Archive for the ‘etext’ Category

A Good etext reader for the iPhone

August 17, 2008

It’s called Bookshelf, and yes, it costs money. I found it worth the $10

It supports a wide range of formats including ASCII text, HTML, AportisDoc, unencrypted Mobipocket, rft & Word Docs (not docx).

I can access my Baen webscription account from it and download books directly as well as tapping their free etext library.

There is also a Java app that you can load on your computer in order to load books you already have from other sources.

So far, I’m really pleased. A good move by Baen to support this, since Mobipocket has been very quiet about exactly when they were going to produce an iPhone app.

First posted at Urbin Technology.

Visual word pictures

May 18, 2008

I’m reading Spook Country by William Gibson. He has always been good at tight, descriptive phrases. One that caught my eye was where he described a woman’s clothing as being a “Bladerunner Soccer Mom.”

I’m a big etext fan, Baen books has an excellent selection, including a lot of free etext. I use my Palm PDA, but I’m looking at the Kindle as another etext reader.

Tech Punditry

November 25, 2007

Here is my geek punditry for the day. The Amazon Kindle etext reader is going to sell well. It will succeed for the same reason the iPod did. The iPod did not dominate the mp3 player market by creating a better mp3 player, they did it by greatly expanding the market through its iTunes service. People who had no idea of what an mp3 was or how to create/find them now had a way to purchase digital music easily and for less money than they paid for to get the music on CD.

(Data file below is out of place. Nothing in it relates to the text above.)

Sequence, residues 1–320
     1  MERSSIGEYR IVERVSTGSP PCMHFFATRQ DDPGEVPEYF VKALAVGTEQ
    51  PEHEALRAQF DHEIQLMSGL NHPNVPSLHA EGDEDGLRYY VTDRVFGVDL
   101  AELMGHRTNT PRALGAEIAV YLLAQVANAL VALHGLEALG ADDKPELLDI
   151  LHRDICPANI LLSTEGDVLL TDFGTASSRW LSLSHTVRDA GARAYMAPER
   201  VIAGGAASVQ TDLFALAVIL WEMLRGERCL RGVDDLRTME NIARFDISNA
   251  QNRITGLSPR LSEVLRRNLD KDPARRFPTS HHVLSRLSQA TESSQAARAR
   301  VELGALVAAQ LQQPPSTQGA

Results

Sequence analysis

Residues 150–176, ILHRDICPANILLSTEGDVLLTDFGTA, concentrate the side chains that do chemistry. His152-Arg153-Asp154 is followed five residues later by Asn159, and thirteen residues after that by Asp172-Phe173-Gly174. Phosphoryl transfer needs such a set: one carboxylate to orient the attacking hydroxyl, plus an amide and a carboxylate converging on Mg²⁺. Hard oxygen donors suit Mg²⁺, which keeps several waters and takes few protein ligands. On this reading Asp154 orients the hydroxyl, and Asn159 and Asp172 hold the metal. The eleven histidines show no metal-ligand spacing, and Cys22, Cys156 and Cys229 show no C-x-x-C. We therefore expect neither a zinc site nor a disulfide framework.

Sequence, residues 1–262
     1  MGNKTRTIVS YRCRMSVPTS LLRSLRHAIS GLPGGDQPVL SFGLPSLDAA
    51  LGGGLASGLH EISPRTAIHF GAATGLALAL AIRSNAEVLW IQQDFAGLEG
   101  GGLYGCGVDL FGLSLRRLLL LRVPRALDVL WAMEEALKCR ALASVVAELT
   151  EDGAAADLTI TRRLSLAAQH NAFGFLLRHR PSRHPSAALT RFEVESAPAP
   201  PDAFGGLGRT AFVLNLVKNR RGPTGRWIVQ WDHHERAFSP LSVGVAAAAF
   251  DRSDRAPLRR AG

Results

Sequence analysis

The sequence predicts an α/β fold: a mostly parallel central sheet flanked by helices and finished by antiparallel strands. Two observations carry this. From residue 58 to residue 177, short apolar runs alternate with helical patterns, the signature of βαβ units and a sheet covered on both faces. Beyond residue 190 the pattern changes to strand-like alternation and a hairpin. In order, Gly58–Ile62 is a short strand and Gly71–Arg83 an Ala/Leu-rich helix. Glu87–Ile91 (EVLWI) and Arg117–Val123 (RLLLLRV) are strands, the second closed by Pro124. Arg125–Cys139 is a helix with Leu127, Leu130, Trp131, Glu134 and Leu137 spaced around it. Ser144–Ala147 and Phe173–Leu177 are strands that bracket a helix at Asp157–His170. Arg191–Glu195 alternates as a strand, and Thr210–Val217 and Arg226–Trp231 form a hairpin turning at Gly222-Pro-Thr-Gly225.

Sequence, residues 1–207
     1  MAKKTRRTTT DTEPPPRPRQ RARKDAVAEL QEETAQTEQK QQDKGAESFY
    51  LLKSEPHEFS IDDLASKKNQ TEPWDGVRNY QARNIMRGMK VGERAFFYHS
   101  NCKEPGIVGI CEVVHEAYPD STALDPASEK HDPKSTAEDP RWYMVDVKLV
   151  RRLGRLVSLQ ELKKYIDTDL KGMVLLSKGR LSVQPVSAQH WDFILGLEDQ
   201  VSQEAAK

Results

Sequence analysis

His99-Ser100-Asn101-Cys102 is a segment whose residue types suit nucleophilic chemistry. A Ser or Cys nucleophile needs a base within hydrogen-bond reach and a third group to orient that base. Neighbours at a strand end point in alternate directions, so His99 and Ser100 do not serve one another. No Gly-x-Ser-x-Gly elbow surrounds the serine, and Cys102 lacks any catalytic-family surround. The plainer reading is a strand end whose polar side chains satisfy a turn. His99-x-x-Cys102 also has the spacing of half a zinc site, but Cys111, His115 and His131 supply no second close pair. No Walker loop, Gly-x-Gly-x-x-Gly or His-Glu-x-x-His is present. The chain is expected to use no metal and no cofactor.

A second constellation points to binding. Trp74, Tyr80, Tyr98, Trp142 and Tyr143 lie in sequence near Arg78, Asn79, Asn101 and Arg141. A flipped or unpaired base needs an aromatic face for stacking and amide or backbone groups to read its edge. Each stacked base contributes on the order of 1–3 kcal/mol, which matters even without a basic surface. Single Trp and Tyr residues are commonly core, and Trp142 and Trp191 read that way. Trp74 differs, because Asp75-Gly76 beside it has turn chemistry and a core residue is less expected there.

The Kindle has Amazon shopping built in and thus a way to purchase etext at a reasonable cost. Amazon is attempting to follow the highly successful model Apple used, and it will probably work.

I’ve been doing the etext thing for years on my Palm based PDAs. There is an amazing amount of material available, including Edgar Rice Burroughs and H. Beam Piper, and a good chunk of the Baen Books catalog. I am, however, a lot more geeky than the general public. I was not part of the Apple model because I knew about mp3s and the problems with overly restrictive copy protection.

Apple’s “Kindle format” is an encrypted version of the Mobipocket format common on PDAs such a Palm OS based devices. It does support non-encrypted Mobipocket, as well as text files and a few other open formats.

The Kindle’s biggest competitor will be the iPhone, once decent reader format is available (and either iTunes supports loading it or there is some third party software you could use without having Apple brick your phone), but I think the Kindle will hold its own, for the reasons stated.